In middle school I would be subjected to the ultimate humiliation: I had to carry a booklet around with me, write my assignments in it, have my teachers sign off on it, and then have my mom sign off. To have to be seen by the cool kids and the cute girls every single period… it crushed my spirit. I think that was when I lost what little tolerance I had for putting up with the bureaucratic suburbanite wasteland gulag of normalcy. I stopped trying to dress like other people and I stopped listening to the same music everyone else did. I created elaborate plans of running away with a friend– we’d picked Louisiana because there was a lot of water there and we figured we could live off fish or something. Never did it, but to the extent that someone could “drop out” but still show up every day, I did.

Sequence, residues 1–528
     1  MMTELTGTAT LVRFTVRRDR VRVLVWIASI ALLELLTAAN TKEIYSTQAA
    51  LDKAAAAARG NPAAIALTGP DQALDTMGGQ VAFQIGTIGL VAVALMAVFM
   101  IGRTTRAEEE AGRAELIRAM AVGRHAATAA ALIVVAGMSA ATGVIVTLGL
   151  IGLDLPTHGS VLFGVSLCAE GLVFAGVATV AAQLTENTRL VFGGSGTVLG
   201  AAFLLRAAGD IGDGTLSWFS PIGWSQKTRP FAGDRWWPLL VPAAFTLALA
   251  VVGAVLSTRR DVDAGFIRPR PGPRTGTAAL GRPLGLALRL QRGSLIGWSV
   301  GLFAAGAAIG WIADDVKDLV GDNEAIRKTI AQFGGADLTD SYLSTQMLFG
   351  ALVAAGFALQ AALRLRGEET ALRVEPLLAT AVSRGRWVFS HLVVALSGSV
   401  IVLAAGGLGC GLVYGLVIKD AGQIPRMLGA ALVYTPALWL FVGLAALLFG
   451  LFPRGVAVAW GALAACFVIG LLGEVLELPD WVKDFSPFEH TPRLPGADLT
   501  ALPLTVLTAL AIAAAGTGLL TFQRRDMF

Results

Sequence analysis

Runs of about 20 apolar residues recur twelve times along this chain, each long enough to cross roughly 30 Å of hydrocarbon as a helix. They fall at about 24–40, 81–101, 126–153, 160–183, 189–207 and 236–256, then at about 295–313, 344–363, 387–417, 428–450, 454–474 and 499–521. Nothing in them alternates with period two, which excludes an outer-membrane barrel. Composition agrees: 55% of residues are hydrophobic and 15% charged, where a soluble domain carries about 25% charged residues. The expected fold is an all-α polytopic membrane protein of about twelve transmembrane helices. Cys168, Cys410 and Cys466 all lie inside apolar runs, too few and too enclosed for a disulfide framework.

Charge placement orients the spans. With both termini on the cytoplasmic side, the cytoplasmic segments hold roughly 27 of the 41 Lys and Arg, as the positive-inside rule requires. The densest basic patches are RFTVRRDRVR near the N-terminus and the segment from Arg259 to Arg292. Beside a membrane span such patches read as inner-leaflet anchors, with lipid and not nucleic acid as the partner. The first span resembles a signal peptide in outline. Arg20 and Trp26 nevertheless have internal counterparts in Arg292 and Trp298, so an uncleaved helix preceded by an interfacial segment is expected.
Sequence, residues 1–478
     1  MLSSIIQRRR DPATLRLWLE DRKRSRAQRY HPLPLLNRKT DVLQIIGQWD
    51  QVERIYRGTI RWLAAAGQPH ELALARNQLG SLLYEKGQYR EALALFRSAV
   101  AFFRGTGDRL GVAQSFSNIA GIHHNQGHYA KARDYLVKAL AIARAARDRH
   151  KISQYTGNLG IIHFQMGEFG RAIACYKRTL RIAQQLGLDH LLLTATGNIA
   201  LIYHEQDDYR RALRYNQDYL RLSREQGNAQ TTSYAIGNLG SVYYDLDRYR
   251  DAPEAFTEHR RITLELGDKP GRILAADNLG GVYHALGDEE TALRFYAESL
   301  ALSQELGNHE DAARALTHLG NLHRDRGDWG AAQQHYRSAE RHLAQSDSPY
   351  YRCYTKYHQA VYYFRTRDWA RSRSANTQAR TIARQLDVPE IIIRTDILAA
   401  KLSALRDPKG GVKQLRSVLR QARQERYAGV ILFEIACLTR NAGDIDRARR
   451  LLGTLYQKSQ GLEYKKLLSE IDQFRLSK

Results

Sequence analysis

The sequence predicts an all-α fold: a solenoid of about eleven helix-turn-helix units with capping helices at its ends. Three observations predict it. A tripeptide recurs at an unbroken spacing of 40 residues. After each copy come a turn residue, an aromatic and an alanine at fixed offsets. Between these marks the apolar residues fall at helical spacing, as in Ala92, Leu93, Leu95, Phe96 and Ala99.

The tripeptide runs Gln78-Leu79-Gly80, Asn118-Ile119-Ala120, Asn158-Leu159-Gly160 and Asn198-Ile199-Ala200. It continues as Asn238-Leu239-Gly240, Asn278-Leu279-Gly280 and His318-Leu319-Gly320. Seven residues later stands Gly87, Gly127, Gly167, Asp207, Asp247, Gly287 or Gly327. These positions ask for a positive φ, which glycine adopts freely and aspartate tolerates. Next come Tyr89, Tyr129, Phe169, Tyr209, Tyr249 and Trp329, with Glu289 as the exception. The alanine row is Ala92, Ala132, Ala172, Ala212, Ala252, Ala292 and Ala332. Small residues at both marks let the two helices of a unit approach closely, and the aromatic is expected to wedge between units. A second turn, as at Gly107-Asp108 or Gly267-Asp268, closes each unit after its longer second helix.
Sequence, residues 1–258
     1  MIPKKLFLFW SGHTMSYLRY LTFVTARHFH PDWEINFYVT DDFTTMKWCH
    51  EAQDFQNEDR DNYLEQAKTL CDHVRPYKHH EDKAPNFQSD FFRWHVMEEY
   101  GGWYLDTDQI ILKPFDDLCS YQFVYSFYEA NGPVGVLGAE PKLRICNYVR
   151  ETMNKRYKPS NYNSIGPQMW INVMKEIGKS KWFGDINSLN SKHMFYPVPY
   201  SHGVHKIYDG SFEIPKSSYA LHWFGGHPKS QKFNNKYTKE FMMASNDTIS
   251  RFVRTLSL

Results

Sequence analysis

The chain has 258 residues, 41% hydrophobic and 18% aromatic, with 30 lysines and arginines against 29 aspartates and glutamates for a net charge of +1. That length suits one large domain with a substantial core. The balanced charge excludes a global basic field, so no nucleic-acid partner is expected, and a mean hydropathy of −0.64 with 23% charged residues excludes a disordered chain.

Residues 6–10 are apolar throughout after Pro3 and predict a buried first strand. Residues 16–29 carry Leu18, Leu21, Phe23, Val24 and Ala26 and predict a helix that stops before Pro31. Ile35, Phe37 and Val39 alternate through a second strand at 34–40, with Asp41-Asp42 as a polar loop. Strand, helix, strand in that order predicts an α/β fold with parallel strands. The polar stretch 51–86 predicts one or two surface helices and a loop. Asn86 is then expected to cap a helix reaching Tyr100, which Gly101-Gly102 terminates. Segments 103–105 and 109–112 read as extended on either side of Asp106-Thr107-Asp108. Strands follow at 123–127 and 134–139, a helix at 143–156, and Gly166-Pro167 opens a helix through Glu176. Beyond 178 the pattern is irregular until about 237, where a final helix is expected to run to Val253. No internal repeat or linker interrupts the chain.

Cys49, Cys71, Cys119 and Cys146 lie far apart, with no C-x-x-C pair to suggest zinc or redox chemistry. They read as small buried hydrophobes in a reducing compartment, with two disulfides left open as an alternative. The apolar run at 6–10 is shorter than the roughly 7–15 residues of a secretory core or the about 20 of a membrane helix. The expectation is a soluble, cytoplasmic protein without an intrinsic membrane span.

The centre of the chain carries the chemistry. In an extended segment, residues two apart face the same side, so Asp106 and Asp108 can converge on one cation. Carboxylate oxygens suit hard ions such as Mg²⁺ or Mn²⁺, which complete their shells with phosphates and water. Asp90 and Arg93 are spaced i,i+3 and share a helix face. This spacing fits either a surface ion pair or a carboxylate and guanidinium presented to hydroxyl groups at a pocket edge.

In high school I would exert myself on anything except the officially sanctioned curricula. I read Dune, Lord of the Rings, James Gleick’s Chaos and other books in class. I would spend enormous amounts of time tinkering with complicated wargame/rpg hybrids. I would work through Pandolfini chess exercises. I collaborated with similar folk to produce a relatively clean (but self-consciously subversive) underground newspaper– completely insane: published daily, pasted down computer printouts put together during homeroom. (Do you realize what they’re doing in those schools… all of those brilliant kids marched around and made to go to… homeroom?! What?) We lasted two weeks before we were caught and duly punished. My role was not the superstar, but more of the mastermind– I could inspire people to collaborate… and I’d somehow harness and sift everything and provide a framework from which more talented people could do their thing. Okay… not mastermind: co-mastermind. But I was an enabler… a key supporting role in the center of the action. There was definitely a controlled drama to it… but what we did had to be something that ignited a fire behind our eyes. I guess we shouldn’t have watched Dead Poets Society or anything like that….